The highlight of the fair for me personally was meeting a customer from Folksy. Rachael had ordered a commissioned item through my Folksy shop and was happy to see the other items in the flesh. It was great to get some feedback about how much she liked the bag and the fact that she had been able to work with me to get the fabric choices she wanted. The other thing I was able to do over the weekend was work extremely hard as a Folksy Ambassador and introduce many of the stallholders to the site many of whom had no online sales facility and hadn’t heard of Folksy, they were very keen to hear about something that is more specifically British and handcrafted than other marketplace sites. Many did feel that getting their wares online was the way to go, trying to offer customers as many ways to access their items. I hope that those who took the samplers away with them are now beavering away preparing to open their online shops. And from my perusal of the stalls there will be some excellent items coming soon…this leads me nicely onto the topic of my favourite stalls at the fair. Two stalls stood out for me, both in terms of the products they were selling.
My first pick is Suzanne at The Little Paperchain Company, Suzanne simply does what it says; she sells paperchains. It might seem rather too simplistic but actually when you see it you realise how difficult it can be to find paperchains for different occasions apart from Christmas, and everyone loves a paperchain! Actually, I first came across Suzanne’s company just before Halloween at another craft fair, my 4 year old son was transfixed by the Halloween chains and with his money given to him by Nanny went straight up and bought a pack. He was even more excited at decorating the house! So you can imagine how overjoyed he was when he spied the stall again, and off he went to make some paperchains in bright colours. Others at the fair also seemed as enamoured of the chains as my son, and lots of Christmas themed chains will be spread throughout Essex this December. Suzanne showed that you didn’t have to have a huge stall with lots going on, with her stall the item sold itself, and I can see that every event in my household will now be celebrated with the obligatory paperchain!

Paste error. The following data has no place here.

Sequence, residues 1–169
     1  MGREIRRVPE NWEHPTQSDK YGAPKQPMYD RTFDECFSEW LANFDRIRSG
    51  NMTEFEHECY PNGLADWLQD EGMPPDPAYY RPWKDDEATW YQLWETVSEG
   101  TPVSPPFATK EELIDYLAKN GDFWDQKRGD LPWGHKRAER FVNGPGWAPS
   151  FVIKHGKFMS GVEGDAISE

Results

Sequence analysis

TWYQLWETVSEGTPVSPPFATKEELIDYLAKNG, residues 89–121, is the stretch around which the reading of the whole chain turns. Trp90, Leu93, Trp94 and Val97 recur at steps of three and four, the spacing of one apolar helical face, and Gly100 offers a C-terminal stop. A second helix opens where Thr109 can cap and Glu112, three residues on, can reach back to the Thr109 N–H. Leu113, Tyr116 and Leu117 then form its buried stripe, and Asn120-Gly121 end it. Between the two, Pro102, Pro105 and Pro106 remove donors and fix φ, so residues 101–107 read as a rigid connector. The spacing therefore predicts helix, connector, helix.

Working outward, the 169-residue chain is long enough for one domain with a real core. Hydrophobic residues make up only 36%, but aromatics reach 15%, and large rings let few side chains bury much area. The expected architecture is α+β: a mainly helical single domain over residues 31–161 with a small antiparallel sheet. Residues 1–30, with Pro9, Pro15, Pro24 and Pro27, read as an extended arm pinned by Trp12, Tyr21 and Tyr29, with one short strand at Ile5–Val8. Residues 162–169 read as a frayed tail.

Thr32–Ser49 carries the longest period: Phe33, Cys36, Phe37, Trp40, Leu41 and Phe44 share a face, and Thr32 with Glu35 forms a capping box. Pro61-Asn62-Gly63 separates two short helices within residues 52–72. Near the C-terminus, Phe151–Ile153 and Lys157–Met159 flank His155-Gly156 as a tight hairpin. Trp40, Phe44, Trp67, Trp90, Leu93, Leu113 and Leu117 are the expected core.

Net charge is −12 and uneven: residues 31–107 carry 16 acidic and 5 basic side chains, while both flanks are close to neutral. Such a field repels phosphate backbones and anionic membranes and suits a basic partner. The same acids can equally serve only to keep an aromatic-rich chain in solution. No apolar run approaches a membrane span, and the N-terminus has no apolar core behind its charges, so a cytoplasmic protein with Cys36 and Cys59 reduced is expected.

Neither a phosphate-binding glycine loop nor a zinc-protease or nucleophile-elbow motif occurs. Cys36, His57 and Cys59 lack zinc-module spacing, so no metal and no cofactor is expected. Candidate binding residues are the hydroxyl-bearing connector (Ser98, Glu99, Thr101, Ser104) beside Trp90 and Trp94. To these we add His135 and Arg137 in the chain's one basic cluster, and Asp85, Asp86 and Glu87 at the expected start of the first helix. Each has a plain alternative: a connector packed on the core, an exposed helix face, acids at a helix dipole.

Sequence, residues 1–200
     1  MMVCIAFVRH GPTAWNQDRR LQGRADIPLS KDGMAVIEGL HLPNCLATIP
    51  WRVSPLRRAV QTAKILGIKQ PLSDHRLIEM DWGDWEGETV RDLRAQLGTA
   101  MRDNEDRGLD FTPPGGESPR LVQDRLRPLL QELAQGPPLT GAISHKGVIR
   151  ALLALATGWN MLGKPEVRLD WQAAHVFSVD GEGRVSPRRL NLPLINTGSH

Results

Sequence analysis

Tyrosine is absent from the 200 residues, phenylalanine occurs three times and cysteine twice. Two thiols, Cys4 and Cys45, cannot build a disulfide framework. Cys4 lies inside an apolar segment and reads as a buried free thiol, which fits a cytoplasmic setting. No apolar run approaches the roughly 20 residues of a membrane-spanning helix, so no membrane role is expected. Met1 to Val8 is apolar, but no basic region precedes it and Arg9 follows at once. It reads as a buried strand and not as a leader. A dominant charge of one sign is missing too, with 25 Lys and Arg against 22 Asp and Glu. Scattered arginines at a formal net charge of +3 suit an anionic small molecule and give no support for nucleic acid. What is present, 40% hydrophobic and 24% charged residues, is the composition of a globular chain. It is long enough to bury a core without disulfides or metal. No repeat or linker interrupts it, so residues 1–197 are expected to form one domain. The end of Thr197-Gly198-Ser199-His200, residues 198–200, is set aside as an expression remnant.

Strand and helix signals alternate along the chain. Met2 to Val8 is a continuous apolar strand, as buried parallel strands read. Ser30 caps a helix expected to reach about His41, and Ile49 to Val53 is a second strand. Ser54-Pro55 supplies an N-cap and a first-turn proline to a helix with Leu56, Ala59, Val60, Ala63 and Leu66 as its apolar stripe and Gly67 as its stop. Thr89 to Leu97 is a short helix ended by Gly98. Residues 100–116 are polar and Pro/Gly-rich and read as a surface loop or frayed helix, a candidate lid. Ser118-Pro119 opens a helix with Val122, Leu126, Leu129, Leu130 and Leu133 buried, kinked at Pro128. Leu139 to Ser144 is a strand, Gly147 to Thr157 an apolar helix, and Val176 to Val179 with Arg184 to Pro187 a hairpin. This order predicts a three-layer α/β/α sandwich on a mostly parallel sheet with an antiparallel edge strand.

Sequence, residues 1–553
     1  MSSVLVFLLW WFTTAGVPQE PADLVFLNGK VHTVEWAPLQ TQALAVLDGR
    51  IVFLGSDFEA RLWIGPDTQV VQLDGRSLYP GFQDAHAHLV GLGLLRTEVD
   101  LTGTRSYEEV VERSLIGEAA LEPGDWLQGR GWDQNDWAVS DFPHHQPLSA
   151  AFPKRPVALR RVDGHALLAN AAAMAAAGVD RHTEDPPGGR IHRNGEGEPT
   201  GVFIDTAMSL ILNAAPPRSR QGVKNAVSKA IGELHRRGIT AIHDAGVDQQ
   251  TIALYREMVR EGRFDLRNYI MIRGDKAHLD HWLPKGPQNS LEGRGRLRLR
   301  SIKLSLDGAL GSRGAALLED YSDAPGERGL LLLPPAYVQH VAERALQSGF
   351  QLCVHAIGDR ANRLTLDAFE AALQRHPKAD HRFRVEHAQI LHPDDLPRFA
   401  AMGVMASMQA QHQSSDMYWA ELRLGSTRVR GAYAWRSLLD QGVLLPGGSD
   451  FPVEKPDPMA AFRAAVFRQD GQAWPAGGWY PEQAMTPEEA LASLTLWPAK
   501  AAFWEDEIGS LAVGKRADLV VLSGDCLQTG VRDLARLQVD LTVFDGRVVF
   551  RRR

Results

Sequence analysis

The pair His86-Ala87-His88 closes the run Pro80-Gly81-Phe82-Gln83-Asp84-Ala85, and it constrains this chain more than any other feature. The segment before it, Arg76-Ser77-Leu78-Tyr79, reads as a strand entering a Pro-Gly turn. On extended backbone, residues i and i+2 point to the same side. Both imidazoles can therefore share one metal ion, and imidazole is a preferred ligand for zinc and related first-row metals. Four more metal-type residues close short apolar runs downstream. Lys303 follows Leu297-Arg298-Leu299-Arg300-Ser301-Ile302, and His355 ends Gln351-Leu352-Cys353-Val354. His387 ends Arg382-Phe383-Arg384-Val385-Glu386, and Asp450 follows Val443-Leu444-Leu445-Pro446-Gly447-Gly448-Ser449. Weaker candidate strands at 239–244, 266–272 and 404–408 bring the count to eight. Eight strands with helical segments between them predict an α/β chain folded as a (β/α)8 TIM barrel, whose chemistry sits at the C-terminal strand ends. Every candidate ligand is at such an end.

Another stall which I fell in love with was Liz at Lizzington. Like me Liz makes bags and other accessories but what made her product stand out was the use of wool tweed. I love this fabric, and I personally want my own stock of Harris Tweed. For Liz, she can go one step better, the tweeds she uses are individually woven by her sister in Wales. Liz was equally excited to meet someone who also loves wool tweed, apparently she hasn’t seen many people make with this type of fabric. For me, having family in Scotland and spending lots of time there I often see this fabric being used. Again, the display wasn’t all singing and dancing; the bags did the talking and I could have spent ages just stroking the fabric!
All in all, a most interesting first fair of which I learnt more than sold. For example, if you generally drink decaffeinated tea and coffee don’t start drinking the regular stuff! I have done some serious networking and it has already inspired me to book another craft fair.